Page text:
Odysseus

[ US /oʊˈdɪsiəs/ ]
NOUN
  1. (Greek mythology) a famous mythical Greek hero; his return to Ithaca after the siege of Troy was described in the Odyssey
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How To Use Odysseus In A Sentence

  • In my previous post Odysseus, Uthuze and Utnapishtim, I finished off with the dangling idea that the name Odysseus had reached Anatolia and the Aegean by the second millenium BCE. A Pre-Greek name for Odysseus
  • He also expresses hope that Odysseus will return home and avenge himself.
  • Partly it is this notion of the sublime returning to the domestic to shatter it, as in that moment when Odysseus reveals himself, less a man-of-war as he fires his arrows out into the crowd of suitors, more a terrorist or an exile returned, as Dionysus in Thebes. On the Sublime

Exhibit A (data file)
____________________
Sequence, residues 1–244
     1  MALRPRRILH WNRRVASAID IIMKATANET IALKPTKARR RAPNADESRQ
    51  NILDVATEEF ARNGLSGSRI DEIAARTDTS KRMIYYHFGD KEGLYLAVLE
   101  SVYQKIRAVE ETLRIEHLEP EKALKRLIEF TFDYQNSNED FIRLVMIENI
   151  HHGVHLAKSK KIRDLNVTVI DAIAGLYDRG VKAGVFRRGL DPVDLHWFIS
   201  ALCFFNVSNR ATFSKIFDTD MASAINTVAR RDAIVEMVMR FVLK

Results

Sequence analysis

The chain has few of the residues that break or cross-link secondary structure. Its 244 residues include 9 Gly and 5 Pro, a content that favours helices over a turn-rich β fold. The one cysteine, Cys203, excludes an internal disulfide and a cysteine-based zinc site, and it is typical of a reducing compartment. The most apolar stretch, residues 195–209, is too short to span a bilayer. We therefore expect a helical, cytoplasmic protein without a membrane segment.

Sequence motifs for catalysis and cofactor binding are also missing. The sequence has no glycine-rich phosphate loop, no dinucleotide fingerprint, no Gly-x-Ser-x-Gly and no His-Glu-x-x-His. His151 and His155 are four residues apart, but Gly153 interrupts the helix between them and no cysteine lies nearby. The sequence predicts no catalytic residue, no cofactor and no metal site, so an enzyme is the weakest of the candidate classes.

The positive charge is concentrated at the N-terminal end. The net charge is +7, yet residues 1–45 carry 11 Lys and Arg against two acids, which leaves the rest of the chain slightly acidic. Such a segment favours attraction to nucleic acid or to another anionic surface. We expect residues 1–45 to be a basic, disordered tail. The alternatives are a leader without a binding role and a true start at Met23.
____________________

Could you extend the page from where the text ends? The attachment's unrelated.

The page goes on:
• Two gates there are for dreams," said Penelope to Odysseus after his ten years' wandering had ended. "One made for horn and one of for ivory.
  • Two gates there are for dreams," said Penelope to Odysseus after his ten years' wandering had ended. "One made for horn and one of for ivory.
  • Athena used the disguise of Mentor to advise and stand beside her beloved Odysseus.
  • ‡ In the Aeneid of Virgil, which was written in Latin, Odysseus is called Ulysses. Ulysses
  • Odysseus walked up to the cave with a goatskin full of wine.
  • Odysseus was a braggart and a poor winner who couldn't keep his big mouth shut and got punished by the gods for it.
  • She enticed into her house the party Odysseus dispatched to spy out the land, and there she changed them into swine.
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